One of the top concerns that many of my students have when they begin their Pilates education is neck strain during abdominal exercises that require you to lift your head above the mat. Many people think they just have to build more neck strength and endurance, but strength is usually a small part of the equation. More subtle adjustments in head position, head tilt, and eye gaze have a lot more to do with neck strain and are more easily accessible than the elusive neck strength and conditioning that students believe they need.
A small discussion of anatomy is necessary to understand the biomechanics of skull and neck position. The average human head weighs somewhere between 10-13 lbs. It sits on top of the cervical spine which consists of eight cervical vertebrae. Suboccipital joints associated with the top two cervical vertebrae, referred to as C1 and C2, are uniquely shaped to facilitate movement including rotation as well as flexion and extension. In fact, C1 and C2 are responsible for about 50% of your cervical rotation and about 50% of your flexion and extension. This also means that the other 6 cervical vertebrae together are responsible for the other 50%. Developing and maintaining suboccipital joint motion is necessary to optimally position the weight of the skull during supine (lying on your back), forward flexion (curling up), abdominal exercises.
There is a group of eight, small, muscles that connect the base of the skull to the upper cervical vertebrae collectively called the suboccipital muscles. There are two pairs of rectus (straight) muscles and two pairs of obliques (oblique) muscles. These eight muscles function to tilt the skull as you walk over uneven ground to keep your gaze stable. They are considered stabilizer or postural muscles and consist of highly innervated, slow twitch muscle fibers. These muscles relax to allow your skull to flex down relative to your cervical spine and contract to extend or tilt your head up relative to the cervical spine. The oblique muscles alternate contraction and relaxation to tilt the skull to the right or to the left.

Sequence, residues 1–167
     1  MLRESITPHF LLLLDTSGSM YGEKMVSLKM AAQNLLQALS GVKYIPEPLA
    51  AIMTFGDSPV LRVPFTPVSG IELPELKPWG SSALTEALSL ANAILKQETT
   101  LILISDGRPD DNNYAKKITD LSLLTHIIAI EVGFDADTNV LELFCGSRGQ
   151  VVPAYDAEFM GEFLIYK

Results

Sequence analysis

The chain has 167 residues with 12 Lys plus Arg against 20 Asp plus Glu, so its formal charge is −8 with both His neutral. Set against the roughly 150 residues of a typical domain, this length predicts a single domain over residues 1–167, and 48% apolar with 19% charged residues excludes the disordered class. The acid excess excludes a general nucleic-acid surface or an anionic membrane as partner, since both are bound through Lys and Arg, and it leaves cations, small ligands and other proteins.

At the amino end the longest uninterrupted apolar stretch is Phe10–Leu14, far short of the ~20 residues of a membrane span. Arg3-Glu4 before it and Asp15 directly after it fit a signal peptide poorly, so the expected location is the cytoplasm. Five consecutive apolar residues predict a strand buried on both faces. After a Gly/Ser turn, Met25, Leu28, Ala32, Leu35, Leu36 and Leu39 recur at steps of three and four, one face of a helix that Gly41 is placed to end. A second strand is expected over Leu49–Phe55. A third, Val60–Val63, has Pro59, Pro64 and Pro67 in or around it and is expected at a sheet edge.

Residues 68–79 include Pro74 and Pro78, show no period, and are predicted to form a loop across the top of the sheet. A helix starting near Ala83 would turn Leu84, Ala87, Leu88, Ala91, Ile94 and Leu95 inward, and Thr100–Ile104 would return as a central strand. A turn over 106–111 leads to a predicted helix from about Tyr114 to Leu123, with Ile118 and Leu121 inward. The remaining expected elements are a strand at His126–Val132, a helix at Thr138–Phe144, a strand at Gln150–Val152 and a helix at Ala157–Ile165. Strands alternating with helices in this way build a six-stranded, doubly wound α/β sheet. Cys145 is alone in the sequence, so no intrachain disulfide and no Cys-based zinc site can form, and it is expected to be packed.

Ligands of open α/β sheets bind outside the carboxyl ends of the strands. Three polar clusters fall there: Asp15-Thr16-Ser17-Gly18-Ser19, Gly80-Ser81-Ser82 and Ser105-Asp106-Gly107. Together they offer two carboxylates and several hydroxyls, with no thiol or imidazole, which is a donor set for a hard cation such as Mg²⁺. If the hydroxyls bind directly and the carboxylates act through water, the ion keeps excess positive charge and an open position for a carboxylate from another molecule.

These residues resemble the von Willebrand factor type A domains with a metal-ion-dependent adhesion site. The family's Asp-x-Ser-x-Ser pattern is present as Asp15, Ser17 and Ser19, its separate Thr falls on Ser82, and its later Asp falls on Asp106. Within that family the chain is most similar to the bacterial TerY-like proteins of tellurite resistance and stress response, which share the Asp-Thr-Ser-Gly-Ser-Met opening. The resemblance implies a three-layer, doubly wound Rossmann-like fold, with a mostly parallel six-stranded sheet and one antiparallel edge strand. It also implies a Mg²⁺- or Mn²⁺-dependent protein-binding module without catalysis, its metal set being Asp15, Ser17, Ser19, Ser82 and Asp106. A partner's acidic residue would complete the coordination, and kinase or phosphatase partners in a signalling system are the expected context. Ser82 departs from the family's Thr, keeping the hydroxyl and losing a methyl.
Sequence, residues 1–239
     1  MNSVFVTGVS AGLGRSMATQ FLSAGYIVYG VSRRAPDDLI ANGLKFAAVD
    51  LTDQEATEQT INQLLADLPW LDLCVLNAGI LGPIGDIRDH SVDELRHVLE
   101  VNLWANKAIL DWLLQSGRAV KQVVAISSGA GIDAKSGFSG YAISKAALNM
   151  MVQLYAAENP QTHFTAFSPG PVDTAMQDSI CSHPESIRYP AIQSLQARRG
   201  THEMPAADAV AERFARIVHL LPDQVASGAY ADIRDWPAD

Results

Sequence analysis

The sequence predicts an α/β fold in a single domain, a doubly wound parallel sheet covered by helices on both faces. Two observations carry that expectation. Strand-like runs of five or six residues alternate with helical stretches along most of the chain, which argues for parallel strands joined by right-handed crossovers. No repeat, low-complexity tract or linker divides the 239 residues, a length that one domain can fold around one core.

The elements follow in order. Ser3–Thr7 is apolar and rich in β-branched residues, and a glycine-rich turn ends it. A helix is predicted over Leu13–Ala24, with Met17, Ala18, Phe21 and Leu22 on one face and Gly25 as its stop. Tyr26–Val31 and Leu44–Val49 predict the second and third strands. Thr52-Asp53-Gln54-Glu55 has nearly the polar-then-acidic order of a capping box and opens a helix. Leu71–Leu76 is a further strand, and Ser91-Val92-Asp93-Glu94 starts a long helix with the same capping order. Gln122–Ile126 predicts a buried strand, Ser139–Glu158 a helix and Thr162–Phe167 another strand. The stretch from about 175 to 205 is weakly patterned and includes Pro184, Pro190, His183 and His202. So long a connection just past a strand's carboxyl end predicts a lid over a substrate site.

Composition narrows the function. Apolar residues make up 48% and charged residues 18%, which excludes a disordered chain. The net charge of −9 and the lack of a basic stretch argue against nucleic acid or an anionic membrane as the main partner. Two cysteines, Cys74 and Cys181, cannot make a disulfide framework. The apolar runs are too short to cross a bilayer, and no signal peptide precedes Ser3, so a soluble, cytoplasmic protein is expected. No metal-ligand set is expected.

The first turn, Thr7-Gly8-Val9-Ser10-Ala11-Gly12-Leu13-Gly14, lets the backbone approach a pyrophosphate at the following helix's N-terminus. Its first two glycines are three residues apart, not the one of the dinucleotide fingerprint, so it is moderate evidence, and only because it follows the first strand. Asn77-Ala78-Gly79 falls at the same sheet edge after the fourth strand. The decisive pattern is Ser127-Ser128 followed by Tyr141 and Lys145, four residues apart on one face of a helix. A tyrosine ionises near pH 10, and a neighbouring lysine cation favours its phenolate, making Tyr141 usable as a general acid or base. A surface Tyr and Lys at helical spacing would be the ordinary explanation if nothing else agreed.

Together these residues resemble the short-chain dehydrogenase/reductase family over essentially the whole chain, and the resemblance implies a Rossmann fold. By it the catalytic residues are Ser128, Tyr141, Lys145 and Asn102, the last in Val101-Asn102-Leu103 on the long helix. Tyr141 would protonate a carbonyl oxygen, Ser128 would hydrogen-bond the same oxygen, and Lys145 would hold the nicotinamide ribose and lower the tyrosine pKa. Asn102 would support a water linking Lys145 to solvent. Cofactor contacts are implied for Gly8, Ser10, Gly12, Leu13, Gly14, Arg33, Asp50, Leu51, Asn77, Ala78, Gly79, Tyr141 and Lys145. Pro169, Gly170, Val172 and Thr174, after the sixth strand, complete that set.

The most common posture I encounter in the studio is head forward posture, otherwise known as slouching. In head forward posture, the suboccipital muscles tend to be chronically tight. In anatomic terms, head forward posture consists of cervical spine flexion combined with suboccipital extension. The head is brought forward by flexing the neck. However, simple cervical flexion will orient the face (and the eyes) looking downwards towards the floor. In order to restore our forward facing gaze, the suboccipital muscles shorten to point the face and gaze forward. If the client is constantly slouching, the suboccipital muscles never really get a chance to relax contributing to neck tension and strain. In Pilates terms, we will often call this shortening through the back of the neck.
One the the fundamental Pilates skills is restoring normal alignment in the head and neck. The tricks Pilates instructors can use to work with clients with head forward posture include placing a foam pad or pillow under the occiput (back of the skull) to compensate for lower cervical spine flexion which displaces the skull forward of the body. The client can then be coached to flex the suboccipital joints by "lengthening through the back of the neck" or sliding the occiput away from the body which results in a gentle "chin tuck" or head nod downwards which requires suboccipital muscle RELAXATION.
Now apply this to an Ab Prep (Pilates abdominal crunch) or other ab exercise like the Hundred or Roll Up. When the client lengthens through the back of the neck, flexing through their suboccipital joints this naturally lowers their gaze. One habit some of my client have when they do an Ab Prep or the Hundred is directing their gaze on the ceiling. When the gaze is high up on the ceiling, the suboccipital muscles are shortened and tense and the client returns to their head forward, tension generating postural patterns. When the gaze is lower, say on the clients knees or thighs, the suboccipital muscle relax and the skull is tilted so that its center of gravity is directly over the flexed cervical spine.
Only once the client has developed the ability to lengthen through the back of the neck to flex the suboccipital joints and relax the suboccipital muscles does it make sense to introduce "strengthening" and "endurance" exercises to the picture, i.e. the Hundred. The Hundred requires maintaining thoracic and cervical flexion and a lifted head and shoulders for 100 counts which will require deep neck flexor muscle strengthening. However, it makes no sense to attempt the exercise if the client falls back into suboccipital extension and their gaze lifts to the ceiling as their head falls back as this position will reinforce their head forward posture pattern and create unnecessary discomfort and strain.
So try keeping cueing eye gaze away from the ceiling because praying to the sky will not help you in the Hundred......